Not too much explanation necessary for this book note, in light of our long-standing interest here at the Center for Law and Religion in the subject of tradition and its relationship to law, politics, culture, and religion. This book studies the nature of tradition as a source of interpretation and authority in Christianity specifically: Tradition: Understanding Christian Tradition (OUP) by Gerald O’Collins, S.J. The way that the title is phrased makes me wonder whether Oxford is planning a series of volumes about tradition in different religious contexts. At any rate, here is the description.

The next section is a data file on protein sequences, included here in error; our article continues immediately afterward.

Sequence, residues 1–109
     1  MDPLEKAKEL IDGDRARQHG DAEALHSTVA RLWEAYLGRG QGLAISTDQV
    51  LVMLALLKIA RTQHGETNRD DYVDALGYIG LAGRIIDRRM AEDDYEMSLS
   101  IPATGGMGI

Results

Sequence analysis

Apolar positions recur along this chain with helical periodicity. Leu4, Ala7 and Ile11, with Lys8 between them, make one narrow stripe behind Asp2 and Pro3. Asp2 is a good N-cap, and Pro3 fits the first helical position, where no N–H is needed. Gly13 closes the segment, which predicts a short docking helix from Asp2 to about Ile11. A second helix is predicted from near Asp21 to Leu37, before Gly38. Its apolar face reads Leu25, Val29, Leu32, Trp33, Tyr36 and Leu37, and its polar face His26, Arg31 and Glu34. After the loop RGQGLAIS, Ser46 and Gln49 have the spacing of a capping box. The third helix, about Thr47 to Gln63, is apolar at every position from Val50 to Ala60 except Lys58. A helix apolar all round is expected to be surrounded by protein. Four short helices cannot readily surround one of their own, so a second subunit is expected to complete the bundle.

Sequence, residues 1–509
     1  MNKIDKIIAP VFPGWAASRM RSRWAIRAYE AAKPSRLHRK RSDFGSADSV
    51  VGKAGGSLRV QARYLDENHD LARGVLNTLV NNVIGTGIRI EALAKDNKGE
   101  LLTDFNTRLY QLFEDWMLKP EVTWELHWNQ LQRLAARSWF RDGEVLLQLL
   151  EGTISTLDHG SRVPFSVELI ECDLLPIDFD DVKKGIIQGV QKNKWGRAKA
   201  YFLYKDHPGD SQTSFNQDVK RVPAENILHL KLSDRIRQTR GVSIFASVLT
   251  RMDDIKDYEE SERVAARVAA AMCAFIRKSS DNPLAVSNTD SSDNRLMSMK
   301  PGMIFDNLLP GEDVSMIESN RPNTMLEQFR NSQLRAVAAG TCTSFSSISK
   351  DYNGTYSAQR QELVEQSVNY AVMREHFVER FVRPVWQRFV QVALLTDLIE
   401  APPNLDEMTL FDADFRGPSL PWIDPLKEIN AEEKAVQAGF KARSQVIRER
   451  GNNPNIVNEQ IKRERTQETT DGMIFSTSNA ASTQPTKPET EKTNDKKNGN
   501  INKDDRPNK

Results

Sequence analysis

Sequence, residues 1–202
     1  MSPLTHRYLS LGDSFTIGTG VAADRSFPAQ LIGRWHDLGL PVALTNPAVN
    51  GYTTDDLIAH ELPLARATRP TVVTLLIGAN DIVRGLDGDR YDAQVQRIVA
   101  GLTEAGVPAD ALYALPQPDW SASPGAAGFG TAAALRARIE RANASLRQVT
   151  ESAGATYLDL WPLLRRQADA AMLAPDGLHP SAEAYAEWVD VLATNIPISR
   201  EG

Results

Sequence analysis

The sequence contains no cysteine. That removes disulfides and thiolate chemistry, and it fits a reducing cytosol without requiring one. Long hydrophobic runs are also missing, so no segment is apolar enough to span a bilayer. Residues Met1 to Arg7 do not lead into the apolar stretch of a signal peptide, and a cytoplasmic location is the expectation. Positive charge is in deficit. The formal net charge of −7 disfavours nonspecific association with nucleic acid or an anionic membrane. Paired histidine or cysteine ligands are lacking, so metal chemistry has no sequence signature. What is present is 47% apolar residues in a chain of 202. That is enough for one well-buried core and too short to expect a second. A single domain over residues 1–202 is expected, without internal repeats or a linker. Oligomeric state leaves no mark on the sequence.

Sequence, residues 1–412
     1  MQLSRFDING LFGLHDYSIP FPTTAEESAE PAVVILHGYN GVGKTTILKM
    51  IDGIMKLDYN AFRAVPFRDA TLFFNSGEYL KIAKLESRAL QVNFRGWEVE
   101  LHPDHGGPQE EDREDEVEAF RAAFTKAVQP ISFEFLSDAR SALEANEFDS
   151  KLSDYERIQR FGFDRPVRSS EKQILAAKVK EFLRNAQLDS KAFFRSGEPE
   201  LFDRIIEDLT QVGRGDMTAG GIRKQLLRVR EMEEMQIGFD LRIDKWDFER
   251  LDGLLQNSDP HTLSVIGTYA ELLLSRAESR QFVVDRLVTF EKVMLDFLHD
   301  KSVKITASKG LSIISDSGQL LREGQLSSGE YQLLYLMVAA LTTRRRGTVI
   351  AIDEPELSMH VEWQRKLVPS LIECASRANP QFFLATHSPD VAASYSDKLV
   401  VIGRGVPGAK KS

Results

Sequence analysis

A 1963 report on tradition from the Faith and Order Commission of the World Council of Churches signalled a substantial convergence between the churches over Christian tradition and its relationship to Scripture. However, since the 1960s theologians have regularly ignored the theme of tradition. The few who have discussed this theme have not used the help provided by some sociologists towards understanding the role of tradition in human and religious life: for instance, as being all-pervasive and as shaping the identity of various societies and groups. The process and presence of Christian tradition embrace baptism and other sacraments, Bible, creeds and other doctrines, art, architecture, hymns, pilgrimages, literature, the celebration of Christmas, Easter and other feasts, and much else besides. Particular traditions can call for scrutiny and reform. Tradition: Understanding Christian Tradition proposes various criteria (e.g. the message of the Scriptures and spiritual experience) for discerning and evaluating specific traditions. Through the power of the Holy Spirit, the risen Christ himself is the central Tradition (upper case) at the heart of all Christian traditions. The Spirit remains the primary bearer of the Church’s tradition; the secondary agents of tradition include not only ordained ministers but also all the baptized faithful. In the history of Christianity, tradition has interpreted and actualized the Scriptures, but has also been interpreted and challenged by them. An appendix explains the insights coming from specialists in the study of collective memory; their work also sheds light on the workings of Christian tradition.